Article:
Every year, more deaths happen due to flooding than any other peril related to thunderstorms. The most common flood deaths happen when an automobile is driven into dangerous floodwater. Luckily, you can take steps to protect yourself and your family.
During a Flood Watch or Warning
Listen to your local TV station for updates.
Have immunization records handy (or know the year of your last tetanus shot).
Gather emergency supplies.
Store immunization records in a waterproof container.
Prepare an emergency water and food supply. Have at least one gallon of water per day for every person and every pet. Prepare at least a 3-day supply.
Bring in outdoor possessions like trash cans, lawn furniture, grills) or tie them down tightly.
If evacuation appears necessary: cut off all utilities at the main power switch and close the main gas valve.
After Flooding Happens
Don’t drive through standing water and flooded areas.
Do not drink flood water, or use it to brush teeth, wash dishes, or wash/prepare food.
If you evacuated: return to your residence only after local authorities have said it is safe to do so.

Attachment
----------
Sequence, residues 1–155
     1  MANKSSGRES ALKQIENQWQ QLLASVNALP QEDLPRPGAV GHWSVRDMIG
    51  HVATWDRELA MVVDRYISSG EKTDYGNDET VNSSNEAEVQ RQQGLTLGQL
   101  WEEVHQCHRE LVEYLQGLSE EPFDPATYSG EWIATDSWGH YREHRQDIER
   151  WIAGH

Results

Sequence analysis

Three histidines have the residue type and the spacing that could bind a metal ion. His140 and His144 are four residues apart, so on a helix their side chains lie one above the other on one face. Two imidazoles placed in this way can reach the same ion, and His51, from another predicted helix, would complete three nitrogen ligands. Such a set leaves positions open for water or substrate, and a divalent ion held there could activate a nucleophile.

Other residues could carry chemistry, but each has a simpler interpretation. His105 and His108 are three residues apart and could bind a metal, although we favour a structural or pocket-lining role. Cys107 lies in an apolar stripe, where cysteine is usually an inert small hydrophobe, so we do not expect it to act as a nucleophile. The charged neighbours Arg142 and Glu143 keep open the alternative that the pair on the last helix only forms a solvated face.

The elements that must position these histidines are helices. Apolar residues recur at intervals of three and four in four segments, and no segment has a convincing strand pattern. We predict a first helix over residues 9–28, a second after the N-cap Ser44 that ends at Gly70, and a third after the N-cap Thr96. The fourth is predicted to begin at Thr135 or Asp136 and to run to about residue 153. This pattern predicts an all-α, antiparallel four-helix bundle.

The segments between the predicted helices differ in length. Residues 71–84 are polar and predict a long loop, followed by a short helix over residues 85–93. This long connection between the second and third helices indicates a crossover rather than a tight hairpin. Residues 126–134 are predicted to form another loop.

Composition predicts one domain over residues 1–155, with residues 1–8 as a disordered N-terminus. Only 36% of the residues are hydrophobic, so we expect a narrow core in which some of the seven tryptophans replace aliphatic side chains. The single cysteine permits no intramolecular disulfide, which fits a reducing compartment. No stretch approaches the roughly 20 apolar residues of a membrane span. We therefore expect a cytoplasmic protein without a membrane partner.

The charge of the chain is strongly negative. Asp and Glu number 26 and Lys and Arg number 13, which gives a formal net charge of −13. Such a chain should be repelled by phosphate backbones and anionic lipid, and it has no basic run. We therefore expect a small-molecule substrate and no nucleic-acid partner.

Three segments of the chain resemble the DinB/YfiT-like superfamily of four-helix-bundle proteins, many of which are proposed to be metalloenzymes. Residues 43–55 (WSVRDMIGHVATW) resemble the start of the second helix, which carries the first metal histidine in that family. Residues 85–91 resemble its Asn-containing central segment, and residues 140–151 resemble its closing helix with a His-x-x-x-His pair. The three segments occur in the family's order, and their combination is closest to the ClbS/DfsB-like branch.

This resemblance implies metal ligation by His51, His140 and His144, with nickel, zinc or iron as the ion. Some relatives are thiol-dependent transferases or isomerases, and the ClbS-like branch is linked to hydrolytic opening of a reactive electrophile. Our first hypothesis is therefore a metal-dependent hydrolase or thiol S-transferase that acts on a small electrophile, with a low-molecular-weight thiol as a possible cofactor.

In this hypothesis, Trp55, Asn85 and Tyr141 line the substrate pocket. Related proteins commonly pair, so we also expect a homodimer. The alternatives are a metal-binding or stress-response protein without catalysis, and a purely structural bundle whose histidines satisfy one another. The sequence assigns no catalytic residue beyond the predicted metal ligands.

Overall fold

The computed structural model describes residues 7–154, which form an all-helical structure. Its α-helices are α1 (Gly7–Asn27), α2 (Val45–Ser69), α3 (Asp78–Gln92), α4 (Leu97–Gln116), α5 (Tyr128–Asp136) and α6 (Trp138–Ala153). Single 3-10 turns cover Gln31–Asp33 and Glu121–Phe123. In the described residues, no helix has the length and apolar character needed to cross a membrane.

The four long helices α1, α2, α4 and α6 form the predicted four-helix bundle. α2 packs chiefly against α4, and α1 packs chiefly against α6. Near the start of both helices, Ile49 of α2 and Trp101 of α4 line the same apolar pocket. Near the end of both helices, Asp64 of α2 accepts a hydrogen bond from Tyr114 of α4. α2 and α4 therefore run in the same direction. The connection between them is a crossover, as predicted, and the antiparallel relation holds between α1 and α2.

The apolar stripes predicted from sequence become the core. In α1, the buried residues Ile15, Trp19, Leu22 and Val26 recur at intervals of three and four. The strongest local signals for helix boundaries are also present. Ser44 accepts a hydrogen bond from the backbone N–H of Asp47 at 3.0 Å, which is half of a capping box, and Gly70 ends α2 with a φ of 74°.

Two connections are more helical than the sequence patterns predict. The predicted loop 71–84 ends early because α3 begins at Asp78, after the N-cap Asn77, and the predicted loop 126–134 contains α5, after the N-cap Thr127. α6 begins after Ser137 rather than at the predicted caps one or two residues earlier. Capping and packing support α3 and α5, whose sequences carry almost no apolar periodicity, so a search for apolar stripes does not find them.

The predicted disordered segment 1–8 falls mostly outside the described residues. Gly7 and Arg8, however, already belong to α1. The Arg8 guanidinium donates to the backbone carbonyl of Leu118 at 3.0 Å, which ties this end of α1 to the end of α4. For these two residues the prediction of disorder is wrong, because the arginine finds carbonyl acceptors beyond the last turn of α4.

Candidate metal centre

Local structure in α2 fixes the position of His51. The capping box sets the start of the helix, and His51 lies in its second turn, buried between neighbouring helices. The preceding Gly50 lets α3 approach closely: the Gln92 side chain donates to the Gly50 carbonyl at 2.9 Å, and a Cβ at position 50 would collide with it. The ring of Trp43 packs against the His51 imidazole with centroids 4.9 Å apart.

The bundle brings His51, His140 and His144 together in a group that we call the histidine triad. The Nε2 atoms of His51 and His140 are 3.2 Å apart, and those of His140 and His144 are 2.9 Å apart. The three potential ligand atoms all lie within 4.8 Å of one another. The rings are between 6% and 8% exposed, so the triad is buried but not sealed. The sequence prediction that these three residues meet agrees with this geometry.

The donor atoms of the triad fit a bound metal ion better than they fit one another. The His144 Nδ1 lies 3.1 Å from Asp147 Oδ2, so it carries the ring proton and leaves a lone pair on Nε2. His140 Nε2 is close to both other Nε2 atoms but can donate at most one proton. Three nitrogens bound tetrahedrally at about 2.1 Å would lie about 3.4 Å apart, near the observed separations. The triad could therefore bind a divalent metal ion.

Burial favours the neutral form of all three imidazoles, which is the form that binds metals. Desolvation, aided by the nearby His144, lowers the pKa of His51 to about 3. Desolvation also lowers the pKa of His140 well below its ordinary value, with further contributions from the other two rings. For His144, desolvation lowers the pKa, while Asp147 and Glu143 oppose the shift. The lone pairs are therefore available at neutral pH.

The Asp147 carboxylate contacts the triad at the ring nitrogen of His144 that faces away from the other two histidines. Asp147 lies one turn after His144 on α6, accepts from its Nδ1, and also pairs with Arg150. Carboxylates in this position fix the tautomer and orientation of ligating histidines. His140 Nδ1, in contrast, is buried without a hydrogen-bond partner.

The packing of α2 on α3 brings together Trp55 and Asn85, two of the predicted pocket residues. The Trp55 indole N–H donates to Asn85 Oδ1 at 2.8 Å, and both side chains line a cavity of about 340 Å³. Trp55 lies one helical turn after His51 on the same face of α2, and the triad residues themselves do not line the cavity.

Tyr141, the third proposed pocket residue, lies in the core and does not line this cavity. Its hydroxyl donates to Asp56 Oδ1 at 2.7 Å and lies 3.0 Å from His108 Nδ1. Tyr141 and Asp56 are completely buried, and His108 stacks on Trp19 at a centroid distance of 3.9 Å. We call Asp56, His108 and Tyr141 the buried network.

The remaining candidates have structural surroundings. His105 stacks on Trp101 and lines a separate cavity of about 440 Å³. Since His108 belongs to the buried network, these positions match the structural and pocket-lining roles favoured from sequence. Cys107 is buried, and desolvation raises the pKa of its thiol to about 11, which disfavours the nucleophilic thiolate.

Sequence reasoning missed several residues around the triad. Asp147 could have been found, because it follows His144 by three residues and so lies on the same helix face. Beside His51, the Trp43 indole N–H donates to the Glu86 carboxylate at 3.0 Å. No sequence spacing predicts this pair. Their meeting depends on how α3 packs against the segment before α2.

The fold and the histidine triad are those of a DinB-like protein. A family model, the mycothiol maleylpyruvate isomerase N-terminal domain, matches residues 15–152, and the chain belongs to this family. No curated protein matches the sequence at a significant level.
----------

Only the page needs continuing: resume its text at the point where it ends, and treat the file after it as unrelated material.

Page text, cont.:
Listen to water advisory to see if your water is safe for bathing and drinking.
During a water advisory, use only boiled or bottled water for cooking, drinking, etc.
The initial damage due to a flood is not the only danger. Standing floodwater can also bring chemical hazards, spread infectious diseases, and cause injuries.
After you return home if you discover that your house was flooded, practice safe cleaning. Remove and throw out insulation and drywall that was contaminated with floodwater. Throw out items that can’t be cleaned and washed with a bleach solution. This includes pillows, mattresses, carpeting, and stuffed toys. Homeowners might want to temporarily store items outside of the house until insurance claims can be filed.